A proposal that is about to come before the UN to restrict global access to ketamine, a drug abused in rich countries, would deprive millions of women of lifesaving surgery in poor countries, according to medicines campaigners.
Some 20 years ago, a Spanish official in favor of lifting the ban on drugs such as marijuana mentioned at a UN meeting that there "might be a more humane option" in the fight against trafficking. She was immediately taken aside by a senior diplomat, who told her in no uncertain terms: "Don't say things like that round here, not even in the washroom." Today, the same official says that internal documents are now circulating within the UN that openly admit to the failure of prohibition.
UN member states are currently in the process of hammering out a ‘Joint Ministerial Statement’ for the upcoming High Level Review of the world drug response – at the Commission on Narcotic Drugs (CND) in March. At the most recent ‘inter-sessional meeting’, exasperated delegates of all ideological persuasions repeated variations of the refrain “we’ve already done this…this language is in the Political Declaration…we debated this last year…this paragraph was already settled by consensus.”
Major divisions over the global "war on drugs" have been revealed in a leaked draft of a UN document setting out the organisation's long-term strategy. The draft, written in September shows there are serious divisions over the longstanding US-led policy promoting prohibition as an solution to the problem. Instead, a number of countries are pushing for the "war on drugs" to be seen in a different light, placing greater emphasis on treating drug consumption as a public health problem, rather than a criminal justice matter. (See also: Drug control policies are changing: Why? And why has it taken so long?)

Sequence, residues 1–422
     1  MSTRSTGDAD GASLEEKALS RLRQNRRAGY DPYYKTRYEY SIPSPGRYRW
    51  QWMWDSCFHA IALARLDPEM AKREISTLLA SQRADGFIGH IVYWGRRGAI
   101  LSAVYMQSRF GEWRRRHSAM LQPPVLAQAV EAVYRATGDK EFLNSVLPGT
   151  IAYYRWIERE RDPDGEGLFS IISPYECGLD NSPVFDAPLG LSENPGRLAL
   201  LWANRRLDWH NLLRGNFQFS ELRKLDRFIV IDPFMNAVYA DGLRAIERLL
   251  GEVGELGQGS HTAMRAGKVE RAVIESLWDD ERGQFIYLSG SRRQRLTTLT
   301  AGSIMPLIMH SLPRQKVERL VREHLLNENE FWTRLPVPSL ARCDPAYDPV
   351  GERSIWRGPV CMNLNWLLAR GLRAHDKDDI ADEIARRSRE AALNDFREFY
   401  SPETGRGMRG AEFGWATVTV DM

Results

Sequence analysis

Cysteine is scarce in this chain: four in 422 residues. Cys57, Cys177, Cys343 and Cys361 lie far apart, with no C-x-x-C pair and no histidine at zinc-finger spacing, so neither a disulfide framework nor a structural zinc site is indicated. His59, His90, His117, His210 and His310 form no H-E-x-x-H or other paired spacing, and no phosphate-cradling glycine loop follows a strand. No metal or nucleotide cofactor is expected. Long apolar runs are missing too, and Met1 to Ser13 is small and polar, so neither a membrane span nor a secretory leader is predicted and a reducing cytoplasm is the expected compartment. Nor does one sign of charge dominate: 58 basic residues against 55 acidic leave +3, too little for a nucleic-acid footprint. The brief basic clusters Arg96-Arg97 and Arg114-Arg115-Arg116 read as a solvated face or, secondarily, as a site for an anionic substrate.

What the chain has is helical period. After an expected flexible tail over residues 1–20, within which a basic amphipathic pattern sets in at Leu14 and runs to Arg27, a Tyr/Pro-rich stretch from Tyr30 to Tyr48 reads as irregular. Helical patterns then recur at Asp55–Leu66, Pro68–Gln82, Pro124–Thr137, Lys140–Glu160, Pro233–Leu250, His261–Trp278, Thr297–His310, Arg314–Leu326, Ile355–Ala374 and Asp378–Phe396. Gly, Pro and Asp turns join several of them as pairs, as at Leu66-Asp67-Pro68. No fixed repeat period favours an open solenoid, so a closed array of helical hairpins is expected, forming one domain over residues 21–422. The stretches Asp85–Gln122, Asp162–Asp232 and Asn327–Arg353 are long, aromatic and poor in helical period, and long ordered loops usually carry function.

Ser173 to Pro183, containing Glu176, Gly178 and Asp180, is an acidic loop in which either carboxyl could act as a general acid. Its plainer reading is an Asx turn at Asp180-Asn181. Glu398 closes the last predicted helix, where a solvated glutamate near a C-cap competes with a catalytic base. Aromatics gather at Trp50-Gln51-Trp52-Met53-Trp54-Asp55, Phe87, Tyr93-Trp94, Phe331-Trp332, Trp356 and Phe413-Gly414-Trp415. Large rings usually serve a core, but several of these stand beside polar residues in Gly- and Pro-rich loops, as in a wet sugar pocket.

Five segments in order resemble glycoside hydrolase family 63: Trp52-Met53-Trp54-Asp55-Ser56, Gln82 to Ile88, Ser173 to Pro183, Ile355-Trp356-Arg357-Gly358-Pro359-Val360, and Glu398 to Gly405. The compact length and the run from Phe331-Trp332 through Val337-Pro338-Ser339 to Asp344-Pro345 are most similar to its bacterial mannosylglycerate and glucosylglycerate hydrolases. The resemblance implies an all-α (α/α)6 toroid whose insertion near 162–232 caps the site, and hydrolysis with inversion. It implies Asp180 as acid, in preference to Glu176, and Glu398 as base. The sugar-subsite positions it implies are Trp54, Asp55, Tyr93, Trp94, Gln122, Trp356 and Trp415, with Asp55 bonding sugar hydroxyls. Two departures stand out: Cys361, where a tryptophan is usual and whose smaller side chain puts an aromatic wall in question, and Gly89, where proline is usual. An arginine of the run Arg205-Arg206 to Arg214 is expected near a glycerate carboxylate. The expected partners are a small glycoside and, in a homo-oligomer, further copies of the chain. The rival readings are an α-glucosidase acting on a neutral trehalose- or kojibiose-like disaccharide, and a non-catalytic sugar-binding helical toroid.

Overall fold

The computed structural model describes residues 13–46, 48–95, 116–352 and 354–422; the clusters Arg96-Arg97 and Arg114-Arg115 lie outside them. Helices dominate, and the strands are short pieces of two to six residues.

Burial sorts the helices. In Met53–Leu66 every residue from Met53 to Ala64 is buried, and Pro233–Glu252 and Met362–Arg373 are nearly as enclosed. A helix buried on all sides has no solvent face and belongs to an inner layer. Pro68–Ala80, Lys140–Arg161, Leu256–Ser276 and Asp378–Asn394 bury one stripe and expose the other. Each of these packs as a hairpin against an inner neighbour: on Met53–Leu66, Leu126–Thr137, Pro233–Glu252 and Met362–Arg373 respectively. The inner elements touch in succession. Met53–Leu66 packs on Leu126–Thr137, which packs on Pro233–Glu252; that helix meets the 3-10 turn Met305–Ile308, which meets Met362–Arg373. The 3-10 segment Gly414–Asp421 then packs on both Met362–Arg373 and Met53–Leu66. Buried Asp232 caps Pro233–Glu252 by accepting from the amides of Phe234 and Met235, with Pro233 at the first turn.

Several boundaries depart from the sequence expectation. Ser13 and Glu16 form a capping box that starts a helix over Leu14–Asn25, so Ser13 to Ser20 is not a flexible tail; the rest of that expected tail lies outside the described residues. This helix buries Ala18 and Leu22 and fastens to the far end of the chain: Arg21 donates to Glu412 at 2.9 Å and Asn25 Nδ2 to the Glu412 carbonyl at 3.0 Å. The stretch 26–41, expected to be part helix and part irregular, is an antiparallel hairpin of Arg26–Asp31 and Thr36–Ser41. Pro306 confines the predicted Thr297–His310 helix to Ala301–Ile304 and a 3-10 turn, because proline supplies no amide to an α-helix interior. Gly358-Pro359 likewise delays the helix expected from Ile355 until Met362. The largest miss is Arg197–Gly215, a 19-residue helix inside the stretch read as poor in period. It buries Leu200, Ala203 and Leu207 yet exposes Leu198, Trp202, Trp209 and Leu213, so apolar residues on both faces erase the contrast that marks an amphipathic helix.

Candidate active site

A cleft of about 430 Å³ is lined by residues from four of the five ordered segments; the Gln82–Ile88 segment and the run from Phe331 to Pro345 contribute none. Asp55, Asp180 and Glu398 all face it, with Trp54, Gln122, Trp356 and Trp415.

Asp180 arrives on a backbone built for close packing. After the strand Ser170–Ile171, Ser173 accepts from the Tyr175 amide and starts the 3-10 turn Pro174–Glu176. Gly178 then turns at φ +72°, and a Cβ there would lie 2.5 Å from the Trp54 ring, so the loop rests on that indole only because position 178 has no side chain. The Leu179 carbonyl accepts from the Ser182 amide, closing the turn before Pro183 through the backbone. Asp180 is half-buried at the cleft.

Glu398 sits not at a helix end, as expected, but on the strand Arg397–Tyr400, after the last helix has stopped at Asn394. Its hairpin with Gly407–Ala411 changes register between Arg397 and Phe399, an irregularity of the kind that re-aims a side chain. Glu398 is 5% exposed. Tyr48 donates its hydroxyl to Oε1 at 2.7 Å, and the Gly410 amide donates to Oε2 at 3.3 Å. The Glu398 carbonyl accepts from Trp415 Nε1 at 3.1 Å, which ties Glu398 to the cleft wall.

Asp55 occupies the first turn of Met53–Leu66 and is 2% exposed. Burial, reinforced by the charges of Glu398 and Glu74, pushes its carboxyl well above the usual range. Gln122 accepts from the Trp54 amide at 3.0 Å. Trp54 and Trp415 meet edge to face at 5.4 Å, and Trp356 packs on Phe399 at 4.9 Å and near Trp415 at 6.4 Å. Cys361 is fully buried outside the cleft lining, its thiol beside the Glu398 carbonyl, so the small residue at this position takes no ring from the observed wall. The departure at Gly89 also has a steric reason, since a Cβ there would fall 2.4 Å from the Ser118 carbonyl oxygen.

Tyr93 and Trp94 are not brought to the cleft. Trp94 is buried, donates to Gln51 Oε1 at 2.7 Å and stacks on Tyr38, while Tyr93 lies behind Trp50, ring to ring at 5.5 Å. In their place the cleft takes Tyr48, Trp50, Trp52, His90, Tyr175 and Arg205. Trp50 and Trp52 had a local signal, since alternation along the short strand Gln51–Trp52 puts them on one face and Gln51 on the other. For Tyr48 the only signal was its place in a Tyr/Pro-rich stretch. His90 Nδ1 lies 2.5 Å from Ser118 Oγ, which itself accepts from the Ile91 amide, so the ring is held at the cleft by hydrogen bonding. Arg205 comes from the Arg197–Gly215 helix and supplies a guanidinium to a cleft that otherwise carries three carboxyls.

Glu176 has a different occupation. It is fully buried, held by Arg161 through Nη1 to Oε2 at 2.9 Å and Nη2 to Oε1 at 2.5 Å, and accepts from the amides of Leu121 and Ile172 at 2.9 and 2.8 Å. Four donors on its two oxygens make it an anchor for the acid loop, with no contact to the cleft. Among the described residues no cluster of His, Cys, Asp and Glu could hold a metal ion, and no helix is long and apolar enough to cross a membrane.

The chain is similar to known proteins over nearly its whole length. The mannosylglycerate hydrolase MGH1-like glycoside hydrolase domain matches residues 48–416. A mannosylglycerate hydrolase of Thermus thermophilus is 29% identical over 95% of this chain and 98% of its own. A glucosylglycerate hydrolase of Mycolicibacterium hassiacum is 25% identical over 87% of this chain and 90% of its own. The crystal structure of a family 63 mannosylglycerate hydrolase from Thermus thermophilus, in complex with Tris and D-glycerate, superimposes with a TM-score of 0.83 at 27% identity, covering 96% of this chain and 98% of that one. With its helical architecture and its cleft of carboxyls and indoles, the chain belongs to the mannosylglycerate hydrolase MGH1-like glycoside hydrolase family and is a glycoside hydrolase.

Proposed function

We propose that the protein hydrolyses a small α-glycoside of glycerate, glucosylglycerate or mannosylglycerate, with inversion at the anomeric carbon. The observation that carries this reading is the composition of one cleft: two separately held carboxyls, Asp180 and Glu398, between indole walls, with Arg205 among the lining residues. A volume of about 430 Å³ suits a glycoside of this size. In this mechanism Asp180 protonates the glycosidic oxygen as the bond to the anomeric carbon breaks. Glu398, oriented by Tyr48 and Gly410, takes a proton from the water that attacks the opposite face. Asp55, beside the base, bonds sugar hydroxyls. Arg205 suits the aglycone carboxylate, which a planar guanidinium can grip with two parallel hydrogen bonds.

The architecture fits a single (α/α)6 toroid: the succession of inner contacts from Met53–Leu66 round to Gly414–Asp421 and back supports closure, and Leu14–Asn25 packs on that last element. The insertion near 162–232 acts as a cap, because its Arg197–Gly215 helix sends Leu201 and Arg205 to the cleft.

Country delegations to the UN Commission on Narcotic Drugs (CND) don’t usually vote on things… The protocol is that member states reach consensus on language and policy (often meaning that the final language reflects the lowest common denominator). Usually this diplomatic process works and delegates compromise. However, at the most recent inter-sessional meeting of the CND on 5th November, some delegates drew “red lines” and staked out non-negotiable positions on key issues.
The United Nations (UN) member states are currently working on a ‘Joint Ministerial Statement’ to review progress and challenges in international drug control since the agreement of a Political Declaration on drugs in 2009. The Statement will be released in March. This intersessional meeting was another opportunity for member state delegations to discuss and recommend changes to the text of the Statement. Below is an overview of the main interventions that were made ...
The intersessional meeting was intended as the first day of formal negotiations on the draft of the Joint Ministerial Statement (JMS) for the 2014 High Level Segment. However, the Peruvian Chair stated at the opening that the original plan – to produce a collation of member state comments/proposals, then work through them systematically in three intersessional meetings – had not worked, and had attracted criticism from many member states. He therefore asked that this session be a general ‘brainstorming’ where member states could propose the broad issues and perspectives.